Six Contemporary French Women Poets: Theory, Practice, and Pleasures

Six Contemporary French Women Poets: Theory, Practice, and Pleasures

Six Contemporary French Women Poets: Theory, Practice, and Pleasures

Six Contemporary French Women Poets: Theory, Practice, and Pleasures

Synopsis

Although many practice the art, contemporary French women poets generally have been vastly underrepresented in periodicals and anthologies. In the only anthology to feature avant-garde French women poets exclusively, Gavronsky shows how Kaplan, Grangaud, Portugal, Lapeyrère, Giraudon, and Risset differ from their American counterparts. Before presenting his translations of the poems, Gavronsky gives each poet the opportunity to define herself in terms of major influences on her poetry, distinctive traits in her writing, major themes in her work, and the influence of gender on her art. The poets also speculate about the relative underrepresentation of women poets in French periodicals and anthologies as well as about the form poetry might take in the twenty-first century. The poems in this volume are simultaneously delightful, informative, and combative. They typify, according to Gavronsky, some of the main currents of a poetics in the making, a poetics little known in the United States. In reaffirming women's involvement with poetry, Gavronsky believes that he has "reconnected today's work with an immemorial tradition that, in France, clearly goes back to [the] Middle Ages."

Excerpt

Let me begin with what I believe is perfectly apparent to any reader interested in contemporary French poetry: women have never been as well represented in this literary genre as they have been in the world of fiction. In fact, to say they have been upstaged by male poets is an understatement. As of Plato and then throughout our Western tradition, men have always held a privileged position between the gods and humanity. They are the intercessors, the ones who are "inspired" from above. This quasisacred relation and ensuing responsibility--see Homer's first line in Robert Fitzgerald's translation of the Odyssey, "Sing in me, o Muse and through me tell the story"--has sidelined women poets.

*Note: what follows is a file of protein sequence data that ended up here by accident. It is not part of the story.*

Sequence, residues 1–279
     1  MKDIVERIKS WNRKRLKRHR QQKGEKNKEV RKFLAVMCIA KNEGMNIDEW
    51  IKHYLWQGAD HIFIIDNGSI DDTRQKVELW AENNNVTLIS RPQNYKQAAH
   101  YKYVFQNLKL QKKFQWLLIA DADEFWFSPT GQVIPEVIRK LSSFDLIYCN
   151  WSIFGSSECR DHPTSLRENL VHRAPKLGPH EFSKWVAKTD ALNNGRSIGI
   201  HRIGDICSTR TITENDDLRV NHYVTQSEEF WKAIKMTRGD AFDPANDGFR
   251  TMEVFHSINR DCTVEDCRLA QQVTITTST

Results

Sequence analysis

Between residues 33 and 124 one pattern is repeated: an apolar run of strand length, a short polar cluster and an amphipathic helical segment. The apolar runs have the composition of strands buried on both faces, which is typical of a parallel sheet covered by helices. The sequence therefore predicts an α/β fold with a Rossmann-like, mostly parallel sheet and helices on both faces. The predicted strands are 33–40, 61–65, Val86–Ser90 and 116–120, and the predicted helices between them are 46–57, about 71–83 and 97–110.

And yet, from the Middle Ages to the present, women in France have never stopped writing poetry, though in our own century, to keep as close to the present as possible--women have still to occupy their rightful place in histories of French literature or, even more telling, in anthologies of poetry. It is precisely in such a gathering of poets that anthologists identify those who exist and those who do not. As far as the general public is concerned, and thereafter in selected translations of these same anthologies, the fact that so few women poets figure in these works may appear subjectively troubling, but the seal of authority of an anthology assures that such questions are usually ignored. Let me illustrate with two recent publications. The first is Robert Sabatier's massive three-volume Histoire de la Poésie Française, where if ever a poet could be inscribed in this century, he or she would have won a place, and yet, the index reveals a remarkable paucity . . .

Search by... Author
Show... All Results Primary Sources Peer-reviewed

Oops!

An unknown error has occurred. Please click the button below to reload the page. If the problem persists, please try again in a little while.